Global Tech Policy at a Turning Point (A Conversation with Brown Alumni Working in Tech) - RECAP

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What does the future of technology policy look like in the United States and beyond? Who should be responsible for setting content moderation policies? Does mitigating the potential harms of artificial intelligence (AI) fall on private companies or government agencies?

On October 18, Brown University’s Information Futures Lab and six alumni who are leaders in tech ― including Glen Echo’s Executive Vice President & COO, Katie Barr ― considered these questions during a hybrid panel discussion titled, “Global Tech Policy at a Turning Point.”

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You can watch the full panel here, but here are the highlights:

How do you try to explain the complicated topics like the encryption debate or the challenge of online anonymity to policymakers?

Katie said encryption represents the building blocks of the internet, but recognized the push-pull between tech and law enforcement. “We’re seeing a lot of threats to encryption around the globe, here, UK, Brazil, and Australia. So there’s a lot to be concerned about,” said Katie. “For me, it comes down to, breaking encryption for anybody harms online safety for everybody.”

Daphne Keller (Director of the Program on Platform Regulation at Stanford's Cyber Policy Center; Former Associate General Counsel at Google) noted that vulnerable groups sometimes need online anonymity. She pointed out that Congressional members and staffers are currently communicating with each other on Signal, an encrypted messaging app.

Matt Perault (Director, Center on Technology Policy, UNC-Chapel Hill; Former Director of Public Policy at Facebook) added that this policy discussion aims for homogeneity among platforms, but some proposed regulations actually reduce the opportunity for platforms to compete aggressively as content moderators and in their privacy offerings.

Jessica agreed that “different platforms have different approaches to these things depending on their business model,” but allowed that more authoritarian countries require different conversations; in those places, anonymity is essential to protect users’ identities.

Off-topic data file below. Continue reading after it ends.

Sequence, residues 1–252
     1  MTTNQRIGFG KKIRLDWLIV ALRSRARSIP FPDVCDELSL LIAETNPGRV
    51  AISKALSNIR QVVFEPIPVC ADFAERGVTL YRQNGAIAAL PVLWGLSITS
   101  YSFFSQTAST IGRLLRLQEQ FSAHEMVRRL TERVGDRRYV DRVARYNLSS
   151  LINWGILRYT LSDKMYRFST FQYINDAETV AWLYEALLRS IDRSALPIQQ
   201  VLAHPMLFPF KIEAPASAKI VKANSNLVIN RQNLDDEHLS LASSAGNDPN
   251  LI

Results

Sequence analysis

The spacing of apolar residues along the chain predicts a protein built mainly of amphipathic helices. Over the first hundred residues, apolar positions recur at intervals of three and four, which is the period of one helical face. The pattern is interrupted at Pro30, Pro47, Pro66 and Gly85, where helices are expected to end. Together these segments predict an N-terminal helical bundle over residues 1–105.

How can platforms address content moderation issues ― before they become crises?

Reflecting on his time at Facebook, Matt said that often, content moderation decisions are filled with bad answers. “There are always large volumes of content that you’ll feel uncomfortable with, even with a content moderation policy that is the right one overall.” But then senior leadership can “kind of blow up” the policy in rapid response to a crisis, and it “unwinds this work that teams have done over a long period of time.”

Matt also emphasized the value of diversity of policies, saying that convergence of content moderation policies among platforms would not be good for users.

Considering the implications of AI on society, should tech policy differentiate between short-term and long-term harms? Should companies be responsible for developing internal policies on AI or should it be regulated by the government?

Katie explained:

“The hype around AI…it feels like this need to regulate it right the hell now, and I think there are certain laws on the books that do apply to AI and we should be thinking about what laws are currently in existence. Maybe if there was a national privacy law, that would help too, but there seems to be this hype that is driving, almost mania, around regulation.”

What is one piece of practical advice panelists would offer to someone looking to move into the tech policy space?

Katie advised, "Think broadly. This ecosystem is bigger than tech companies and the government. You can do a lot of good at a mission-focused company like mine, or a civil society group, or a think tank or even the right law firm. This community is such a great one, but it’s also not a huge one, so talk to us, talk to others. If we can’t point you in the right direction, we probably can find someone who can."

Other panelists also had advice to offer the audience:

Zeve Sanderson (Founding Executive Director of NYU's Center for Social Media and Politics)―Stay deeply curious.

Samm Sacks (Senior Fellow with the Yale Law School Paul Tsai China Center and New America) ―After you graduate, go live and work in another country and ideally if you’re interested in tech, go work for a tech company in another country. Gain some on the ground experience from a global perspective.

Perault―Openness to working at a company, particularly if you are driven by a desire for public service and mission oriented work. I would not exclude private companies from the work you would consider.

Keller―Get moving around and seeing different roles. If you’re thinking about going to law school, a law school with loan repayment will remove those shackles.

Ashooh (Senior Director of Policy at Reddit)―Do what you’re passionate about, because when you’re passionate you will be excellent. Excellence is something you can sell in any industry. Do what you love and be excellent at it and then find the tech angle.

Policymakers around the world are moving quickly to develop policy that can keep up with technology. It can be challenging to track global regulatory proposals, and that’s where the Glen Echo Group comes in. If you have questions, contact us.

And if you’re reading this as a young professional who is curious about public affairs, the human side of technology or how to use your skills to make a positive impact, learn more about the Glen Echo Group’s internship program here.